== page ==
Other changes include several properties designated for low commercial use shifting to medium residential use, and certain environmental conservation designations removed.


"There was a time when we had conservation along streams, buffering that hearkens back to the beginning of the plans [in the 1970s]," Eisenberg said. "That was before we had statewide and national environmental rules and regulations to protect streams and buffers. I would even characterize that as a remnant. … You shouldn't have to zone it that way."

Commissioner Doug Howard, whose District 5 includes a majority of the Freedom area, expressed concern about the plan in a prepared release issued in April, shortly after the Planning Commission's vote to accept the plan.

"I fully recognize that the Freedom area is a 'designated growth area,' but there needs to be a balance between the more rural areas and the 'growth areas' as we strive to maintain excellent quality of life for the entire county," Howard said in the statement.

Howard said he would not support significant or substantial growth in the plan and will work to have it modified before the Board of County Commissioners considers it for adoption. He said there must be a demonstrated need, appropriate infrastructure and resources, and adequate county support to offset the burdens of growth to justify residential growth in the area.

"In my opinion, this criteria has not been met and there should be no significant increase of density or residential growth in the Freedom area with this plan," Howard said. The commissioner went on to note the lack of improvements to Md. routes 26 and 32, limitations on sewer capacity, and lack of support from the county to "mitigate rising water costs, provide for a full sheriff precinct or make other improvements that could support some of the burdens of growth put on this area."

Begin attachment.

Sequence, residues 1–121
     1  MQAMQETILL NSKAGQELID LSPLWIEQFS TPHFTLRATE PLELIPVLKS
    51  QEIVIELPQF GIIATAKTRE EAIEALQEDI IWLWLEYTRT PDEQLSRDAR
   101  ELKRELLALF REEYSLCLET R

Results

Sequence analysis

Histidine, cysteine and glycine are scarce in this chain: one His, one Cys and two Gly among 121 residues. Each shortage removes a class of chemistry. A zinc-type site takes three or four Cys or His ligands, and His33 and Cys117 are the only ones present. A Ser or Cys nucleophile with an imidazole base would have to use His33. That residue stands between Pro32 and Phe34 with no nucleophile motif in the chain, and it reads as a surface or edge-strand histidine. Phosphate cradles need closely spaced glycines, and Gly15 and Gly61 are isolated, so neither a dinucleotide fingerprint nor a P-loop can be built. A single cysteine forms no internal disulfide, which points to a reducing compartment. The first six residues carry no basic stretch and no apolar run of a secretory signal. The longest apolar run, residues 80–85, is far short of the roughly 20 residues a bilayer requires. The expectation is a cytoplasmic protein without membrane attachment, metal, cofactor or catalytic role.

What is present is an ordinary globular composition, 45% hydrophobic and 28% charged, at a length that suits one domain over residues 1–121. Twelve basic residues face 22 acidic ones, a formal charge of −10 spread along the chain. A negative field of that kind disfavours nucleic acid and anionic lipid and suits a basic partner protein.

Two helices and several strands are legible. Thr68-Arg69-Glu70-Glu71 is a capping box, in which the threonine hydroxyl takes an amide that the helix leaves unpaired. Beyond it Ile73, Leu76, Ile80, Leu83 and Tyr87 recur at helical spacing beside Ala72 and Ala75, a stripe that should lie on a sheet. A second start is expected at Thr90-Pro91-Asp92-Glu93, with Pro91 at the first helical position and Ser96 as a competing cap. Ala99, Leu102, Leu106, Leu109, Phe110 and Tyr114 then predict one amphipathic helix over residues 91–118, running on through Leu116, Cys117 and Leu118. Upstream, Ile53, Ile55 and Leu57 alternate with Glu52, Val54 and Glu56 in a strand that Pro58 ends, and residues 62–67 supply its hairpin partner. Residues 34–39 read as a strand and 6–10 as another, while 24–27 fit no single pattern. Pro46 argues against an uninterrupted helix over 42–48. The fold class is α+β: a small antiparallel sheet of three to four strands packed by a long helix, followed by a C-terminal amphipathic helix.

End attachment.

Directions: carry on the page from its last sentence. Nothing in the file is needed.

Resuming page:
The public hearing for the Freedom plan is scheduled from 6 to 8 p.m. on July 11 at the Liberty High School auditorium in Eldersburg.

And Soisson said although the plan is "pretty much done" and the end of the process seems near, no one can be certain when the new plan will be adopted as more changes could be made.

"One never knows," he said. "We will certainly listen to the public. We get copies of all the comments people send in and email to the planning department and it keeps us up-to-date on what people's concerns are.

"We really are trying to address a lot of these concerns," said Soisson, "but on the same token it's difficult for us because this is one of the few areas left that's a priority growth area — so we are trying to balance that all out, and some people are not going to be too excited about it, and I understand that."

The full plan is available for review at, and interactive maps are available for residents looking to see what land use changes have been made from the 2001 version. Residents can also make comments, view studies and past plans.